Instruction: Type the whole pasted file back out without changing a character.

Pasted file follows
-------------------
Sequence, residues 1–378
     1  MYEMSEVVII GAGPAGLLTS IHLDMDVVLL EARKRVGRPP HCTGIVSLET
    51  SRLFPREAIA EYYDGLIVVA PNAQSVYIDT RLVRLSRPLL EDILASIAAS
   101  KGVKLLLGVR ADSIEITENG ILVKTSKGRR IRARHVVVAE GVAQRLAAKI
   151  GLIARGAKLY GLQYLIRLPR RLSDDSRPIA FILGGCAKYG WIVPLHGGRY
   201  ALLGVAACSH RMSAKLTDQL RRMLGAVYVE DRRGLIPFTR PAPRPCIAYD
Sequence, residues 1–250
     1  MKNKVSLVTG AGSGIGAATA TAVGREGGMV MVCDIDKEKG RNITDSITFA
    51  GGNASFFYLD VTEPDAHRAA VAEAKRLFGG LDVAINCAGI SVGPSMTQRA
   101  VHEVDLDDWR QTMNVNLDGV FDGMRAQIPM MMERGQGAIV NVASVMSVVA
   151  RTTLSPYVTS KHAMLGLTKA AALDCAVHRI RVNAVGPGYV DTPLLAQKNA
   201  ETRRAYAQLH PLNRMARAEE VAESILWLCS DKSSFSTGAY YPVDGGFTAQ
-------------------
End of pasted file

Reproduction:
Sequence, residues 1–378
     1  MYEMSEVVII GAGPAGLLTS IHLDMDVVLL EARKRVGRPP HCTGIVSLET
    51  SRLFPREAIA EYYDGLIVVA PNAQSVYIDT RLVRLSRPLL EDILASIAAS
   101  KGVKLLLGVR ADSIEITENG ILVKTSKGRR IRARHVVVAE GVAQRLAAKI
   151  GLIARGAKLY GLQYLIRLPR RLSDDSRPIA FILGGCAKYG WIVPLHGGRY
   201  ALLGVAACSH RMSAKLTDQL RRMLGAVYVE DRRGLIPFTR PAPRPCIAYD
Sequence, residues 1–250
     1  MKNKVSLVTG AGSGIGAATA TAVGREGGMV MVCDIDKEKG RNITDSITFA
    51  GGNASFFYLD VTEPDAHRAA VAEAKRLFGG LDVAINCAGI SVGPSMTQRA
   101  VHEVDLDDWR QTMNVNLDGV FDGMRAQIPM MMERGQGAIV NVASVMSVVA
   151  RTTLSPYVTS KHAMLGLTKA AALDCAVHRI RVNAVGPGYV DTPLLAQKNA
   201  ETRRAYAQLH PLNRMARAEE VAESILWLCS DKSSFSTGAY YPVDGGFTAQ